Assessing the effect of EIA : the influence of environmental effects information on resource consent decision-making in New Zealand
|dc.identifier.citation||Schijf, B. (2003). Assessing the effect of EIA : the influence of environmental effects information on resource consent decision-making in New Zealand (Thesis, Doctor of Philosophy). University of Otago. Retrieved from http://hdl.handle.net/10523/134||en|
|dc.description||xi, 124 leaves :ill., maps ; 30 cm. Includes bibliographical references. University of Otago department: Geography.|
|dc.description.abstract||Environmental impact assessment (EIA) was introduced to inform decision-makers of the potential environmental effects of the decision before them. It has been adopted worldwide and functions as one of the primary instruments for taking account of environmental consequences in project approval decision-making. To date, there has been very little systematic investigation that explores whether the decision-makers for whom the EIA information is produced actually use it, although there are indications that EIA information is not always effective in influencing decisions. This thesis examines how, and indeed if, environmental effects information influences the decision-making processes for which it is produced, and which factors determine the use of this information. Three main areas of concern are identified and investigated: the responses of individual decision-makers to environmental effects information; the characteristics of the effects information that influence these responses; and the processes by which the effects information is dealt with. At the core of the methodology employed for this research is the development of an exploratory model of EIA-based decision-making. This model builds on the insights into decision processes from a variety of disciplines, including psychology and planning. To test the utility of the model, it is evaluated against the New Zealand system of resource consent approval decision-making under the Resource Management Act, by means of case studies. Through interviews, direct observation, and analysis of written documents the decision processes in these cases are analysed. These techniques have been augmented by psychosocial methods that allow further probing into the decision processes that takes place in a decision-maker's head. The research results show that the effort that is spent on the preparation of EIA reports and the improvement of EIA processes is not wasted. The EIA information clearly influences the decision processes for which it is intended but it is not influencing decisions optimally. EIA information often competes with information on environmental effects from other sources that is of higher quality, more credible, or better tailored to the decision-makers' information needs. A number of ways in which the use of EIA information could be enhanced is explored in this thesis. Foremost, the improvement of the effectiveness of EIA requires a wider adoption of a decision-making perspective on EIA, and a broader recognition of the information needs of the different decision processes for which EIA is prepared.||en_NZ|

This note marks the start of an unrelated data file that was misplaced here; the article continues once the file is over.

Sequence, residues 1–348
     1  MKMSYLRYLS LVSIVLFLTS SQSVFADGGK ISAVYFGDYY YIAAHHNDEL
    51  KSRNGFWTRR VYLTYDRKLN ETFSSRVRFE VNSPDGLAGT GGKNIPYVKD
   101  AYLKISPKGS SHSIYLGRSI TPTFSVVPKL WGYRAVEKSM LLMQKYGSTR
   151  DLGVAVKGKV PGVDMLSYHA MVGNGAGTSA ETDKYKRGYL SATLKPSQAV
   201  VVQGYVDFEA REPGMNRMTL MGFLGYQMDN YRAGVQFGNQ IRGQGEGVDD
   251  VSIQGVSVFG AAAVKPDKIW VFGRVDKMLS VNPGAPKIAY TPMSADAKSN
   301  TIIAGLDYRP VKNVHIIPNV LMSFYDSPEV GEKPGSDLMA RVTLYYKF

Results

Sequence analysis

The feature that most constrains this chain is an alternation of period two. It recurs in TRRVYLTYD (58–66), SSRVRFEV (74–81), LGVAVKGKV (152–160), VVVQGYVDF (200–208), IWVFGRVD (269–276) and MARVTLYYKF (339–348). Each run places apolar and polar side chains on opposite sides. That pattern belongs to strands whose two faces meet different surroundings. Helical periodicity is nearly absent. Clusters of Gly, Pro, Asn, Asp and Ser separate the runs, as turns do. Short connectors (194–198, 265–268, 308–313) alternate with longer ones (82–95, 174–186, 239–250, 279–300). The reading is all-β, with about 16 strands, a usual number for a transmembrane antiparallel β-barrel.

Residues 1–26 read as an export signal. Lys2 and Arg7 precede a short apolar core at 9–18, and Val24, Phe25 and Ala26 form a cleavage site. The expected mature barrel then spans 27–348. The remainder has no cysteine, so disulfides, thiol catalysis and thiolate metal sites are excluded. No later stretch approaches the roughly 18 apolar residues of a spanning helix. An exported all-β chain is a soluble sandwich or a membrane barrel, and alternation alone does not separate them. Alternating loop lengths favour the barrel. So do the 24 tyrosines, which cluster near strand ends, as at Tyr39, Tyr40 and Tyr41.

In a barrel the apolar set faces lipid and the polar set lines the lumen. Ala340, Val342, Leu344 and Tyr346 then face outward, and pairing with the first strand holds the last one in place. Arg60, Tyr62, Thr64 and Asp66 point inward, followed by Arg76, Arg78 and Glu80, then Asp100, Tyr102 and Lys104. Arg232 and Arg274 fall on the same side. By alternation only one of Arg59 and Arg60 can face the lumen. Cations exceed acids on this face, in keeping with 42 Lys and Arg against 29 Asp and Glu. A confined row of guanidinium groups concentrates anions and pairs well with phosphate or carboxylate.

|dc.publisher||University of Otago||en_NZ|
|dc.rights||All items in OUR Archive are provided for private study and research purposes and are protected by copyright with all rights reserved unless otherwise indicated.|
|dc.subject||environmental impact analysis||en_NZ|
|dc.title||Assessing the effect of EIA : the influence of environmental effects information on resource consent decision-making in New Zealand||en_NZ|
|thesis.degree.discipline||Department of Geography||en_NZ|
|thesis.degree.name||Doctor of Philosophy||en_NZ|
|thesis.degree.grantor||University of Otago||en_NZ|
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